The 10 Best New Drum Kits in the World Right Now!

Vistalite Black

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I'm here to do two things, chew gum and post the latest Top 10 lists in the world of drumming, and I'm all out of gum (though I may get a gum-wood kit for that extra-sticky sound).

Musicradar.com (The No. 1 website for musicians) reveals its 10 Best Drum Kits in the World Right Now:

Let us know that you agree.

Here's the Musicradar writeup:

So many drums, so little room to store them all. This year’s hottest new kits include ones designed for maximum portability and practicality, new top shelf, professional level beauties crafted in the most exotic woods imaginable, and high-performance mid-range kits for players looking to upgrade their sound without breaking the bank.

Despite the quality of the competition, our winner for Best New Drum Kit this year beat the closest contender by almost double the number of votes as Tama update one of drumming’s most iconic and respected line of drum kits.

10. DS Drums Rebel

9. Gretsch Brooklyn Micro

8. Pear Session Studio Select

7. Sonor Prolite

6. Ludwig Anniversary Legacy Mahogany

5. Mapex Design Lab Cherry Bomb

4. Yamaha Live Custom Hybrid Oak

3. DW Collector’s Pure Almond

2. Pearl Masters Maple/Gum Series

1. Tama Starclassic Walnut/Birch
starclassic.jpg



More details and pics at https://www.musicradar.com/news/the-10-best-new-drum-kits-in-the-world-right-now
 
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Redbeard77

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If you're just talking about kits that are new this year, it's hard to argue with that list overall.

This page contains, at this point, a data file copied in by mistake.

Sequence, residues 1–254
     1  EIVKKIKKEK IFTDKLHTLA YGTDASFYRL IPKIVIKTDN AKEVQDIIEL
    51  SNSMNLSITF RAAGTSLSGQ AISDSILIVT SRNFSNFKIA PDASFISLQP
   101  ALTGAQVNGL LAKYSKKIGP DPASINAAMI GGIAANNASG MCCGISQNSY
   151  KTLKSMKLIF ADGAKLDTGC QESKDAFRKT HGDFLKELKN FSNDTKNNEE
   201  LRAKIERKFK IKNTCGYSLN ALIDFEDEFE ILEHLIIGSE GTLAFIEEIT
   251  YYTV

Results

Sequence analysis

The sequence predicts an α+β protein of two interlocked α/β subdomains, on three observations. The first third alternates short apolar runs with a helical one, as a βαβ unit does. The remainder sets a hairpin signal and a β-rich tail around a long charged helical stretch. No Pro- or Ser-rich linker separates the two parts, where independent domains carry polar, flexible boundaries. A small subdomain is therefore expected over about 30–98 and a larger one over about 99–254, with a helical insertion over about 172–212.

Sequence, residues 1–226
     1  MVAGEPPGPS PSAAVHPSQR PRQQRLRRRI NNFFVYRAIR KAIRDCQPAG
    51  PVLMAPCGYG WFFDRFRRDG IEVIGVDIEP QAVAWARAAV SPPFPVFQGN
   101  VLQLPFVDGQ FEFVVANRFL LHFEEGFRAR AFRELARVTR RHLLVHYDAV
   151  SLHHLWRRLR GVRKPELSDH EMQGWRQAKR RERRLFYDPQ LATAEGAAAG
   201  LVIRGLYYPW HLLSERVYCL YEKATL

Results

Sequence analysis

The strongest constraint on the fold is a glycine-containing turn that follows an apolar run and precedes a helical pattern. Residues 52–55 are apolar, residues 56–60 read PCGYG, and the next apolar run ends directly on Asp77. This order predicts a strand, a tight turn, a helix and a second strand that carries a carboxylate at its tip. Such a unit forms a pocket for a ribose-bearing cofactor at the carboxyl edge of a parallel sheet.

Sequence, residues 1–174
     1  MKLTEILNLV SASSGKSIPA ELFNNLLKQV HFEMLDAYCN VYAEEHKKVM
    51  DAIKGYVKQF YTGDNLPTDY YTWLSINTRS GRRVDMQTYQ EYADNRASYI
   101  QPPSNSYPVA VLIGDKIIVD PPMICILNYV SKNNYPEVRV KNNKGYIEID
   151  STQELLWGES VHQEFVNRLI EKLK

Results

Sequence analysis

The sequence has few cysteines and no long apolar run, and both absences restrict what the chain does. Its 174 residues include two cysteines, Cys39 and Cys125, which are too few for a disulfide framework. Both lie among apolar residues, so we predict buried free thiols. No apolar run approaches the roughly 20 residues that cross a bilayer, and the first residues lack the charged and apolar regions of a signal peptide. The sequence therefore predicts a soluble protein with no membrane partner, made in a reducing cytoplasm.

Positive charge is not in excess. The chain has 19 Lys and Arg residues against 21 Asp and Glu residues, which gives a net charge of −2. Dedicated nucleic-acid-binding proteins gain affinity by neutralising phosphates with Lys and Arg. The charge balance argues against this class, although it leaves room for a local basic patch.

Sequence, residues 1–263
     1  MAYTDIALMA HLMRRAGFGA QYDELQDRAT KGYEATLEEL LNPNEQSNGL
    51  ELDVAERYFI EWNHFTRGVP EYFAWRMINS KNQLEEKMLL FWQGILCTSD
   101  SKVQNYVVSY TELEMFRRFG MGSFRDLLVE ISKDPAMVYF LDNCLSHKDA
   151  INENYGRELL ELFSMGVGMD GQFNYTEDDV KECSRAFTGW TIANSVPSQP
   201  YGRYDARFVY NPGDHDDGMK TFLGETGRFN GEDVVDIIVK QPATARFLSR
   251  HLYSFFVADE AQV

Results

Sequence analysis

vinnyrac63

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All the same stuff. Boring. The only two companies that pique my interest are A&F and British Drum Company. (And hats off to Gretsch and Ludwig for continuing to revise and improve because every other drum maker in the world seems dead set on copying your formulas)
 

Bandit

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All the same stuff. Boring. The only two companies that pique my interest are A&F and British Drum Company. (And hats off to Gretsch and Ludwig for continuing to revise and improve because every other drum maker in the world seems dead set on copying your formulas)
Actual the Mapex kit is the one kit trying some cool and revolutionary ideas, but because it is Mapex, most won't dig to find out what they are.
 

vinnyrac63

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Actual the Mapex kit is the one kit trying some cool and revolutionary ideas, but because it is Mapex, most won't dig to find out what they are.
From the marketing promo for the Mapex Cherry Bomb set: "Cherry Bomb system is a hybrid of the classic sounds of beloved vintage drums...."

Chasing the Trane, so to speak. No offense. They're wooden cylinders with membranes stretched across the openings. If it sounds good, play it.
 

Bandit

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From the marketing promo for the Mapex Cherry Bomb set: "Cherry Bomb system is a hybrid of the classic sounds of beloved vintage drums...."

Chasing the Trane, so to speak. No offense. They're wooden cylinders with membranes stretched across the openings. If it sounds good, play it.
Don’t forget those magnetic tom mounts that everyone is using. Not to mention the adjustable bend in the floor tom leg to adjust resonance. Just need to dig a bit. :)
 

PaulD

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It strikes me that Tama wouldn't have used walnut if they weren't forced into it.

Mapex certainly makes some nice stuff, but nothing in the drum industry seems particularly innovative relative to other sorts of mechanical consumer products. If you want innovation, look at high end bicycles.

The Tama Star tom mounts with the isolation bushings are somewhat innovative, but they just borrowed that idea from engine mounts and suspension arms on cars and reapplied it.
 

vinnyrac63